I was becoming restless and believed that I should make more money as a chemist so I applied for other power plant chemist jobs all around the country. I got an offer from NIPSCO, Northern Indiana Public Service, to work at a plant in Gary, IN. I was young and into the Adventure but who in their right mind would move from Colorado to Gary, IN?
I decided to advance my career as a chemist by applying for jobs with more opportunity. Somehow I ended up in Northern Indiana working at NIPSCO’s Mitchell Power Station.
My podcast interview on TheHikePodcast was released today. The producer, Lori Prima, does a great job with her podcast, it is truly a labor of love. Our session which was focused on the Timberline Trail and the PNW turned out great. Brook, @aussiebrook, even got some recognition. Hopefully it will help paint a better picture of backpacking and hiking opportunities around Mt Hood.
I have never done a podcast before, however, I have listened to many on subjects I am interested in.
Lori’s podcast, TheHikePodcast, has really impressed me because it is a more relaxing venture into the topics associated with exploring hiking and backpacking opportunities. She provides a diversified array of recreational topics covering the entire country. I highly recommend that you checkout TheHikePodcast.
Life is crazy in our country right now, but hope is carrying each day until I can return to the wilderness. Brook and I should be backpacking the Strawberry Mountain Wilderness the week of June 22nd.
Opal Creek is my easy get-away overnighter located about 45 miles east of Salem. Unfortunately the last 8 miles is by far the worst pot hole infested forest road I have ever encountered. Opal Creek is a very popular 6.5 mile partial loop that takes you by a couple of nice waterfalls and access to a truly opal colored pool on Opal Creek. Early on the trail you are greeted to some impressive bridge work to allow you to navigate around a mountain.
Then you pass by an old copper mine that is blocked off. The trail is actually a road until you transition into a loop by crossing over the creek to the south side, the north side takes you to a limited access community of Jawbone Flats. Just before the split you encounter old machinery that used to be the remains of the Merten Saw Mill, circa 1940s. Right after the mill equipment look for a path south down to the creek, this will take you to Sawmill Falls.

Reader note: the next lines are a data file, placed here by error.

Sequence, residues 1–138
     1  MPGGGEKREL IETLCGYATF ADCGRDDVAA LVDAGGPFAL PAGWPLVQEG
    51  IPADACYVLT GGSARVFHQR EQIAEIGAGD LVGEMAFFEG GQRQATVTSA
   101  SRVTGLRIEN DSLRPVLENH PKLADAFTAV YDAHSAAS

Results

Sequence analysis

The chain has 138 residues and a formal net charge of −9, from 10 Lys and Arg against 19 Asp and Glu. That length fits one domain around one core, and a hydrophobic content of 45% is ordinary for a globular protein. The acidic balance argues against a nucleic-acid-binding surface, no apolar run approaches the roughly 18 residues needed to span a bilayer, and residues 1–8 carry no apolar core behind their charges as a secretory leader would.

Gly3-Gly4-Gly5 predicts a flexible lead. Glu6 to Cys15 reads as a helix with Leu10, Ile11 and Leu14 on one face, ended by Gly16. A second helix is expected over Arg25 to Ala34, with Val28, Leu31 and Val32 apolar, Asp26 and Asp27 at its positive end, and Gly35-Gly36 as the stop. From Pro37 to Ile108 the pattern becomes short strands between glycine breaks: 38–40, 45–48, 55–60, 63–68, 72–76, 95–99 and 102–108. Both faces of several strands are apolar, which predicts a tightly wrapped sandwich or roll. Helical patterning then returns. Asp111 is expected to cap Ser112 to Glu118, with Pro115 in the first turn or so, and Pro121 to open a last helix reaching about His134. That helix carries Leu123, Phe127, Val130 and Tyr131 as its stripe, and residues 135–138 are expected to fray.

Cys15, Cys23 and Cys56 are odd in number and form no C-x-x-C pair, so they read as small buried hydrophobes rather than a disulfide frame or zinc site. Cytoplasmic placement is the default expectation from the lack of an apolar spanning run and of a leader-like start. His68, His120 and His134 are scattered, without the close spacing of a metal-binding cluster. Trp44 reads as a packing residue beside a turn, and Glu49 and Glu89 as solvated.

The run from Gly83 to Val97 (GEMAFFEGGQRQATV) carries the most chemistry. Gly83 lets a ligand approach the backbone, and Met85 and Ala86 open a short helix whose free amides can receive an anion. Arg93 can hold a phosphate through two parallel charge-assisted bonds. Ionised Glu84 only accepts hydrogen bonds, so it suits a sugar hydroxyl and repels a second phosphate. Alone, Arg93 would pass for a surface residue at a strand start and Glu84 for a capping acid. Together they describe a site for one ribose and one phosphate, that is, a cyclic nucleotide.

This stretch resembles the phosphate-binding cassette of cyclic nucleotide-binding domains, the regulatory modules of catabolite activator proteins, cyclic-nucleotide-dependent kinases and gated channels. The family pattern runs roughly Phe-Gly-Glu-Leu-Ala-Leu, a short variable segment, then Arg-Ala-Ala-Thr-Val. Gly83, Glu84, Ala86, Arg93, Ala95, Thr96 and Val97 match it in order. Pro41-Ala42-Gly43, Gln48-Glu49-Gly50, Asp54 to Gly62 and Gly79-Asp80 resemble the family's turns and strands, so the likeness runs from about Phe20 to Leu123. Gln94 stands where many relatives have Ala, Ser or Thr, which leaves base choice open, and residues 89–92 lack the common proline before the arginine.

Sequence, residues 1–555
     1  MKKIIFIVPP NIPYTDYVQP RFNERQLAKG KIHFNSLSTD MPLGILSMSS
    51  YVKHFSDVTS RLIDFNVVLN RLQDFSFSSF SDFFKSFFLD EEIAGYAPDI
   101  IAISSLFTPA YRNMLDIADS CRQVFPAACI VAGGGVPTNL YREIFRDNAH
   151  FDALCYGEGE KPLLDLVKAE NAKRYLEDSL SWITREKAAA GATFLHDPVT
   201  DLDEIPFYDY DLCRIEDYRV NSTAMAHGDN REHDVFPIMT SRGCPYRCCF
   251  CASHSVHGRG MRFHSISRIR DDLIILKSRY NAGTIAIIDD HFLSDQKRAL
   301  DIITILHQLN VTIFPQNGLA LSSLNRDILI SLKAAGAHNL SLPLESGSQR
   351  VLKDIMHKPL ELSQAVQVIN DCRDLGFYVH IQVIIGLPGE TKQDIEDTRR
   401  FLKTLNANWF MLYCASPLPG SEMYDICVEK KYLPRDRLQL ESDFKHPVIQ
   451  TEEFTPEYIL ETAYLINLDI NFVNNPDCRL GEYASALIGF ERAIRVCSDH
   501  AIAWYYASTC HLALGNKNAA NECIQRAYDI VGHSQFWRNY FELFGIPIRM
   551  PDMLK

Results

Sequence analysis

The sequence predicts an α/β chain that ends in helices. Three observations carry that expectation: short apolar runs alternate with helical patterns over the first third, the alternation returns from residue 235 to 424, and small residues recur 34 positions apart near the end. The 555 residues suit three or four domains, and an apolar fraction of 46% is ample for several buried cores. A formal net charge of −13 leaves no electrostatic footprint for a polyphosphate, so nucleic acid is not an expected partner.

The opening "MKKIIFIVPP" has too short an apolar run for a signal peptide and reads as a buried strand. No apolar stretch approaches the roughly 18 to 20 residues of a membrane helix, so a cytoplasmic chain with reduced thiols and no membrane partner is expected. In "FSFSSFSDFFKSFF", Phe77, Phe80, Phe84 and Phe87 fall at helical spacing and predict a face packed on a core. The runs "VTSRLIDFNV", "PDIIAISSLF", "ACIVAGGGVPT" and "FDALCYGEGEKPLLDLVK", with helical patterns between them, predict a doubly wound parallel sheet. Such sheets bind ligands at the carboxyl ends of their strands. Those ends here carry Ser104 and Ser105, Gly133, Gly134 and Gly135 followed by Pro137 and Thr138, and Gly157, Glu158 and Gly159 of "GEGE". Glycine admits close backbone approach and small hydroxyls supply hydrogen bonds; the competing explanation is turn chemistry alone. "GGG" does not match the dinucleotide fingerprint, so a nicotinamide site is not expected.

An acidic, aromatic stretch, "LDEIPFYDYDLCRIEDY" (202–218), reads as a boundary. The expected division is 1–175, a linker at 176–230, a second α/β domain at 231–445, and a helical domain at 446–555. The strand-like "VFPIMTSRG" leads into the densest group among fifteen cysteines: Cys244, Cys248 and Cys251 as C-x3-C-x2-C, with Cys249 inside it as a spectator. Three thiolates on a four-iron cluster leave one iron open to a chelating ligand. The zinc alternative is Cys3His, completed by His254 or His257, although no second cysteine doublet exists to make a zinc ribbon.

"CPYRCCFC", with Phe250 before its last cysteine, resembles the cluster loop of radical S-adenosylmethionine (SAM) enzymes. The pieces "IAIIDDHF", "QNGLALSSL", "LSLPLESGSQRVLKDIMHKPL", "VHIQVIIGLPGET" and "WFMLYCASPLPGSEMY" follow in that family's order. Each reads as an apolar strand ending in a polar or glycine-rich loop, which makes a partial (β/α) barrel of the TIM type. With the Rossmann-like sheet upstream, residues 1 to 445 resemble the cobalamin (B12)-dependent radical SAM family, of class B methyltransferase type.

Once you cross over Opal Creek on a really nice bridge you find yourself on a true forest trail.
And we are talking a lush Oregon mossy green trail. This is a beautiful stretch somewhat above the Opal Creek that takes you to various campsite options. I have camped up here 4 times and I think every time I chose a site closer to the opal pool, however, this time I decided to try the campsite that requires a short steep decent to get to it, but the location on the creek is superior. I do think this is the best campsite. It is April 8th, a beautiful day of sun and 70 degrees temp.
I totally enjoyed the late afternoon just sitting by the stream watching how the sun would paint various painting on the tall trees as it set.
Brook also enjoyed herself searching for the perfect stick and wading in the stream.
About a half mile further up the trail you come to the opal pool and cascading waterfalls by the bridge that takes you over to Jawbone Flats.
Back at camp Brook and I soaked up some more nature. Brook got caught by a sunbeam. The evening was cold but humidity was low which kept everything fairly dry. Brook’s first backpacking trip 4 years ago was on this trail and it is the only time she has ever come into the tent. I wish she would sleep in the tent “but no”, as an Australian Shepherd she must stay on guard and protect her human. In recent trips though she tends to sleep next to the tent trying to lay against me. Sometimes this works out and sometimes she nearly collapses the tent. The trek out the next day was just as beautiful.